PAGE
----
Project Manager at Seiche, Jennifer Shearing comments:  “It was exciting working with Ørsted on such an important and well-organised project. Ørsted’s enthusiasm towards protecting the marine environment was a pleasure to see. The project was such a success, it finished ahead of time, and Seiche is thankful to the fantastic marine mammal mitigation team we had in the field. Their commitment and hard work ensured the project ran smoothly. Communications with DEME, the installation contractor, were excellent, resulting in efficient, well organised crew changes.”

Jennifer Brack, Consent Manager for Ørsted’s Hornsea Two Offshore Wind Farm said: “As experts in their field, Seiche were a pleasure to work with. Their work was well-organised, well-communicated, and fulfilled all our requirements in terms of protecting mammals in the marine environment while construction took place”. 

About Hornsea Two:

Located approximately 89 km off the Yorkshire coast, Hornsea Two is the world’s largest offshore wind farm and will generate up to 1.4GW of clean energy for UK households when fully operational in 2022.  

Image: © Steven Atkinson, Lead Marine Mammal Consultant, 2021

Seiche Ltd Undertakes Underwater Acoustic Field Verification Survey and Marine Mammal Mitigation in Northern Spain for ACSM

Seiche Ltd were selected by ACSM earlier this year to provide pre-survey modelling, underwater acoustic verification for two pieces of equipment (Sparker and SBP) to verify how they would affect marine mammals in the area along with continuous Acoustic and Visual Marine Mammal Mitigation services.

Seiche Ltd is a global leader in passive acoustic monitoring technology and marine mitigation and boasts  significant expertise in the field of maritime environmental monitoring. Their experience of providing environmental support for offshore surveys combined with their monitoring, mitigation and technological development credentials made them the ideal project partner for this work.

ACSM is a global leading provider of subsea services with 20 years of expertise within the offshore energy industry. They deliver a whole range of offshore services, from fleet and personnel management to ROV Inspections and Surveys throughout the life-cycle of a subsea asset: from pre-engineering assessment, through construction and installation, IMR to decommissioning. A key speciality is the provision of subsea services and solutions to the Oil & Gas, submarine cables and renewables markets.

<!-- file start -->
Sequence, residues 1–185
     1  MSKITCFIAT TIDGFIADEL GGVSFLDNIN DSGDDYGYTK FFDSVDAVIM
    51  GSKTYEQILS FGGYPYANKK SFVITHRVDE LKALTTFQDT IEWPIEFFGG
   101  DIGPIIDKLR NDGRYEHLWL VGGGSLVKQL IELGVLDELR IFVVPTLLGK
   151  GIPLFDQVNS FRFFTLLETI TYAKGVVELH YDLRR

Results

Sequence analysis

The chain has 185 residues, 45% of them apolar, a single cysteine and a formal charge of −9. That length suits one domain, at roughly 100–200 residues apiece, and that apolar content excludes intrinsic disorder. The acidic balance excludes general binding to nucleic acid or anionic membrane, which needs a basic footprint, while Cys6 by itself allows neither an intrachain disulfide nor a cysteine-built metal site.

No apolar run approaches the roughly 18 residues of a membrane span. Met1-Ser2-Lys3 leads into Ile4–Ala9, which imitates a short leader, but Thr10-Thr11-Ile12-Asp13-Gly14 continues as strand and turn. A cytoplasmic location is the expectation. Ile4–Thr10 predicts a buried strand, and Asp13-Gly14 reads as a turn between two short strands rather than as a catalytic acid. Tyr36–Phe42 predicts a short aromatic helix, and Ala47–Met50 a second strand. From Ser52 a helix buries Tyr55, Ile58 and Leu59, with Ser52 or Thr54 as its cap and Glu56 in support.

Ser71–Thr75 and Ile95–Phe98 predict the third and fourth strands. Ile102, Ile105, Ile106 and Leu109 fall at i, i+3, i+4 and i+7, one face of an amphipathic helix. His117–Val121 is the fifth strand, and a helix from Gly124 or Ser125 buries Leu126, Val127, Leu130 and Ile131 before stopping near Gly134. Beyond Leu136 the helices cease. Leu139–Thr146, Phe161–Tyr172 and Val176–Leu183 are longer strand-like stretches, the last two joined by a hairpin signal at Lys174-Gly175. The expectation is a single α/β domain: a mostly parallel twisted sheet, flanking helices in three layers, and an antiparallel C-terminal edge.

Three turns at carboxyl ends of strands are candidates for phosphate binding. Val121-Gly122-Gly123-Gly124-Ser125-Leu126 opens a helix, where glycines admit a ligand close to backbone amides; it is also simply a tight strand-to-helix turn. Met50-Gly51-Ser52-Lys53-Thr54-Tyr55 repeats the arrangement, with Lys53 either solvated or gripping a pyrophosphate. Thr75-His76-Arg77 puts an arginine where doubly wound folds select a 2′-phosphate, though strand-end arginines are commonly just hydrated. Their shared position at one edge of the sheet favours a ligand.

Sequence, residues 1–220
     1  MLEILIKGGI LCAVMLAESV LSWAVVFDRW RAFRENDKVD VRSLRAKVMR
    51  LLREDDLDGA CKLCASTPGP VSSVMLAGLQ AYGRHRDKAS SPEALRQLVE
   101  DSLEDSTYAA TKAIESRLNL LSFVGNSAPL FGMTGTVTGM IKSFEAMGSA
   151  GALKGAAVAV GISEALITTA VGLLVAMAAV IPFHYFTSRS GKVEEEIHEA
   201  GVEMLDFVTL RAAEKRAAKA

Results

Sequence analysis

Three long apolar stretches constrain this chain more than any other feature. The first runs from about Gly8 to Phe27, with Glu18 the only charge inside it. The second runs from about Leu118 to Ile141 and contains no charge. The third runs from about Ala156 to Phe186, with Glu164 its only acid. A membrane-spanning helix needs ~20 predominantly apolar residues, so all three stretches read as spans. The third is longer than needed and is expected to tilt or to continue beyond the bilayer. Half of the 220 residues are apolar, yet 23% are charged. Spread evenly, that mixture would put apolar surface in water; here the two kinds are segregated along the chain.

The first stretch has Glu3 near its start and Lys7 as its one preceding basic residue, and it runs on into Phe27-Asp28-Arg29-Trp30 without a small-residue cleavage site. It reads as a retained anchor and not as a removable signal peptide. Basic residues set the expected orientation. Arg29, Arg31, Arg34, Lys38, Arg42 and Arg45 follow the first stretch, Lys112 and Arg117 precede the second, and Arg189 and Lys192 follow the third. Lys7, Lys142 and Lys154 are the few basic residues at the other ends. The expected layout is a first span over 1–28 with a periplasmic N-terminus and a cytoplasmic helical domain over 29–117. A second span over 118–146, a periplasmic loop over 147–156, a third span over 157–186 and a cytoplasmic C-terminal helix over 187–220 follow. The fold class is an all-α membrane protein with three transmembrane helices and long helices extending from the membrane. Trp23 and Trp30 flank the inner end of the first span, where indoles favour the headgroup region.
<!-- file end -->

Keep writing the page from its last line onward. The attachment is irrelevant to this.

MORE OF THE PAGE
This project represented a full cycle of environmental support for an offshore survey – from the pre-survey modelling done in-house with the team of our acoustic scientists, through acoustic field verification with Seiche bespoke equipment, survey design by our BioScience’s team to full marine mammal mitigation scope with our consultant MMOs and PAM operators and in-house build PAM system designed to acoustically detect various species of resident marine mammals. 

“This was a great project for us. We showcased our extensive range of capabilities including a pre-survey modelling including estimation of the marine mammal impact ranges for the specific equipment used, the in-field measurements to verify this model
model predictions with our bespoke PAM buoy equipment and the full marine mammal mitigation support during the survey with our consultant MMOs and PAM operators and effective PAM system .”

Amanda Hyam, Associate Director Environmental Services

Image Credit: © 2021 OSV Nautilus at sea. Courtesy of ASCM.

Seiche Ltd and Deep Vision Inc. Announce Collaboration to Develop Real-time Camera System for Automated Detection, Geo-location and Quantification of Marine Mammals

Seiche Ltd and Deep Vision Inc. have signed a Memorandum of Understanding (MoU) to establish a collaborative relationship in support of their respective business interests.

Seiche has expertise in the field of maritime environmental monitoring; in particular, Seiche has developed a unique camera system, as implemented in their Mini Dual Camera, that has been specifically designed to aid the observation and monitoring of marine mammals (and other surface, and near surface objects).

Deep Vision has expertise in the field of computer vision and unsupervised machine learning; in particular, Deep Vision has developed a highly advanced, unique, passive EO/IR technology that provides robust, real-time detection and tracking of marine mammals, vessels and other maritime assets on, or near, the surface of the water.